The crux of the matter lies in the fact that the bank receives the equity in the home you're buying, in exchange for an unpaid bank liability. The bank, effectively, receives your mortgage note without investing or risking a cent. This note acts as money and is sold by the bank to receive cash or an asset that can then be converted to cash. The bank never actually gives up the money but issues a liability (check) it has no intention of paying.

This mechanism reveals a disconcerting truth: in the alleged loan process, banks create unpaid liabilities that are used as a new form of currency. We, as customers, must labor to earn this bank currency (unpaid liabilities) to pay back the bank. And what the bank received for free, the individual lost in equity.

This is where the notion of 'fraudulent conversion' comes into play. The bank deposits your mortgage note, creating an asset and a Direct Deposit Account (DDA), a liability. It then demands you cannot use the same currency (promissory notes or mortgage notes) to discharge your mortgage note.
Instead, banks insist on payment in legal tender (checkbook money), while using the mortgage note as money to acquire your property in foreclosure, often at no cost.

When a bank claims it gave you credit, they are referring to the fact that they credited your transaction account, not that they deposited other depositors' money in your account. They actually deposited your money (the mortgage note). It is here that fraudulent conversion arises - the bank uses your funds for their benefit without your signature or authorization.

Banks continue to profit from the equity in our homes, farms, ranches, and businesses, repeatedly refinancing every few years to extract the ever-increasing value created by inflation. It is a subtle deception that has profound effects on the economy and our lives. Several presidents, including John Adams, Thomas Jefferson, Abraham Lincoln, and James A. Garfield, understood the danger posed by banks to our liberties and economic stability.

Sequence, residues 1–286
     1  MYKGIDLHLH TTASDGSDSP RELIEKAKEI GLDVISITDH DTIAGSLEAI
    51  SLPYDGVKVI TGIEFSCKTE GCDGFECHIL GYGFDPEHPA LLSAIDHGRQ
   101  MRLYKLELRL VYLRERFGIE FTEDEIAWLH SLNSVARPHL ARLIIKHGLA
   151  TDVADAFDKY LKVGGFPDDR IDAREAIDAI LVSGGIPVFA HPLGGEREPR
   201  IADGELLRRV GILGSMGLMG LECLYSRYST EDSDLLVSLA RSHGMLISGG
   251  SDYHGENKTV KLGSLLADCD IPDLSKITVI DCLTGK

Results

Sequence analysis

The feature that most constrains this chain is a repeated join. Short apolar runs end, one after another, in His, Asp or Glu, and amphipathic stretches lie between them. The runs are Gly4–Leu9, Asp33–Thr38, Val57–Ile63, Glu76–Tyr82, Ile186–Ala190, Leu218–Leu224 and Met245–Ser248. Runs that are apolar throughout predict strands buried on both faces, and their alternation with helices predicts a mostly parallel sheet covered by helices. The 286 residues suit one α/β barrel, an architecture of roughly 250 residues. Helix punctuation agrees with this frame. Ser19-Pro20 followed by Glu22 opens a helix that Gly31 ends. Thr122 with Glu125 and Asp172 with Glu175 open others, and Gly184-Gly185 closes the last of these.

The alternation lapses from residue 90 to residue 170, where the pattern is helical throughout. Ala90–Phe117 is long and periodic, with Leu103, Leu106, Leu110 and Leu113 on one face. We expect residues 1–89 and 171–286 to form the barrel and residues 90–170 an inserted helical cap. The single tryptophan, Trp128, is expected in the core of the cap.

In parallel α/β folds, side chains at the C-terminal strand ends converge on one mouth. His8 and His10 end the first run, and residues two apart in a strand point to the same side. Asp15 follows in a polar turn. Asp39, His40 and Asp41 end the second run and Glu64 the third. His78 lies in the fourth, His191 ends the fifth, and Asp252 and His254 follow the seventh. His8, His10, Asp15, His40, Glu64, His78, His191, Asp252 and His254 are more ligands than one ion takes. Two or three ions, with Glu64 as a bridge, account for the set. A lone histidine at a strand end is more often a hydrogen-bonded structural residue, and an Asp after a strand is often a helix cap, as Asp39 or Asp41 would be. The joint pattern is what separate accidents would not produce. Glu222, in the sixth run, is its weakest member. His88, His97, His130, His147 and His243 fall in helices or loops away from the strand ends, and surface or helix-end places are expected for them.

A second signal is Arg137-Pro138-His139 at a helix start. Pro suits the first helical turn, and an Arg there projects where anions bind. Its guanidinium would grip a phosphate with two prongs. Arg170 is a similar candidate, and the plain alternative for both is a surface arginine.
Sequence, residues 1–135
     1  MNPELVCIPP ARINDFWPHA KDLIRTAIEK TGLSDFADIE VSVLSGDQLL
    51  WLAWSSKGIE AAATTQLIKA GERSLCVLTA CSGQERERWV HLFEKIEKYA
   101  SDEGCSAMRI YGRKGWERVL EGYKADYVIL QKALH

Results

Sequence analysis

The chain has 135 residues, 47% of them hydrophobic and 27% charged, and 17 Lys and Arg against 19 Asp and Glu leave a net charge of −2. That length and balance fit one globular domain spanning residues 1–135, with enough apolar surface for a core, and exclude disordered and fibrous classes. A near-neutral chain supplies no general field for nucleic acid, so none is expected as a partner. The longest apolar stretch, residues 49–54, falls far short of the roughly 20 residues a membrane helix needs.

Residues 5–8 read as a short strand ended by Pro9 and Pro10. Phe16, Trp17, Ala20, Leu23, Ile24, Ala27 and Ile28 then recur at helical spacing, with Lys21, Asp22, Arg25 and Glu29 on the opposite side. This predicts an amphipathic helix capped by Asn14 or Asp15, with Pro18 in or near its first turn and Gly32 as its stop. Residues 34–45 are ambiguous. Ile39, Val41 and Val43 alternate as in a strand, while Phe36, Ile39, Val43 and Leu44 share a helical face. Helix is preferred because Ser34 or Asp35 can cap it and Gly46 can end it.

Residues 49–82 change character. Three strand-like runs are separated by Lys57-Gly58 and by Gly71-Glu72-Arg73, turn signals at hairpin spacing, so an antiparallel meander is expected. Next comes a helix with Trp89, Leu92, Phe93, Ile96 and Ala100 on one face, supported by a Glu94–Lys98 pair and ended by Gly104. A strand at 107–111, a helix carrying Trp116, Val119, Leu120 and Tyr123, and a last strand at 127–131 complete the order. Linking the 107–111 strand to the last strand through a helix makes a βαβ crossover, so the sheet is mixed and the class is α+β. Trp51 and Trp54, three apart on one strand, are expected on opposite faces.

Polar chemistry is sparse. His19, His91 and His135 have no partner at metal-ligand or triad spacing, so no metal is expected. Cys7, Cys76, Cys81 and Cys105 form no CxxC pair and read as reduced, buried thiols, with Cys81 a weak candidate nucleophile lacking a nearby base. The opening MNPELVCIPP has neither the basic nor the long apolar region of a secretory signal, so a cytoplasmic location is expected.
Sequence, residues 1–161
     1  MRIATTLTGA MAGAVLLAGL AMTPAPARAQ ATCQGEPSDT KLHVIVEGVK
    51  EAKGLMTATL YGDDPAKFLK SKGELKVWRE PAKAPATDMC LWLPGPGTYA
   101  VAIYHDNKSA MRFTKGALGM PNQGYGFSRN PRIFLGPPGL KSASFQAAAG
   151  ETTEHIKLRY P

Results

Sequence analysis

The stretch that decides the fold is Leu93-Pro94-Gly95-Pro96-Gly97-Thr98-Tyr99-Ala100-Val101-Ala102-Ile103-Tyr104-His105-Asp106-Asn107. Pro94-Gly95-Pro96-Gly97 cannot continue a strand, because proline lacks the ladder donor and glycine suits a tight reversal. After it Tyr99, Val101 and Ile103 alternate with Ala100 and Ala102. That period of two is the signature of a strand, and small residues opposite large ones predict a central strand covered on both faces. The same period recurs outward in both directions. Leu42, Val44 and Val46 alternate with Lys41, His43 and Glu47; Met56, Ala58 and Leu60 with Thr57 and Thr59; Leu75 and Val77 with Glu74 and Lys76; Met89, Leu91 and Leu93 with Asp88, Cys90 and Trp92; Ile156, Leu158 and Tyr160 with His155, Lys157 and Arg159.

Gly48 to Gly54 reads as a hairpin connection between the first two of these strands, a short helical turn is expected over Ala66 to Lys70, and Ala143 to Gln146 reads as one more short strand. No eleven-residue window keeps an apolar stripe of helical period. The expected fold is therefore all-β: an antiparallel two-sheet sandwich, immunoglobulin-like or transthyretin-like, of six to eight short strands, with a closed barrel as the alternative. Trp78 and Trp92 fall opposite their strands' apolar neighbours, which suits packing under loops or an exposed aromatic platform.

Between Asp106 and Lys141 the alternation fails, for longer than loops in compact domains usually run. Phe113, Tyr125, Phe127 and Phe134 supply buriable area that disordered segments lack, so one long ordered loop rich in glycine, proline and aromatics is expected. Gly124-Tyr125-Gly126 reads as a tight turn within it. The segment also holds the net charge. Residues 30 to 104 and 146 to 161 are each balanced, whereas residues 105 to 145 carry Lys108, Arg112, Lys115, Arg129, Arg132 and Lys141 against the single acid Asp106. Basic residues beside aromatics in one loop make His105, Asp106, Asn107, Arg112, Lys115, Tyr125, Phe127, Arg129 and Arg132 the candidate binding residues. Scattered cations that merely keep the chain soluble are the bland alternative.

The Chicago Federal Reserve Bank's book, “Modern Money Mechanics”, explains precisely how banks manipulate the checkbook money supply, driving people into foreclosure. Our financial landscape would transform if contracts were upheld, and we were afforded equal protection under the law of Contract. Until then, we must labor to understand the system and navigate it as best as we can.

Credit cards are indeed much more than plastic; they represent a complex system of 'checkbook money' exchange that often leaves the consumer at a disadvantage. The power dynamics that underlie credit cards are often skewed towards banks, who profit enormously from our collective misunderstanding of these systems. It is time for this knowledge to be democratized, for every person to understand how their credit card works, and for every person to make informed financial decisions.

With this newfound understanding, you are now better equipped to navigate the convoluted world of credit cards. Remember, in the realm of finance, awareness is the key to empowerment. Keep this wisdom at your fingertips, and let it guide your financial journey!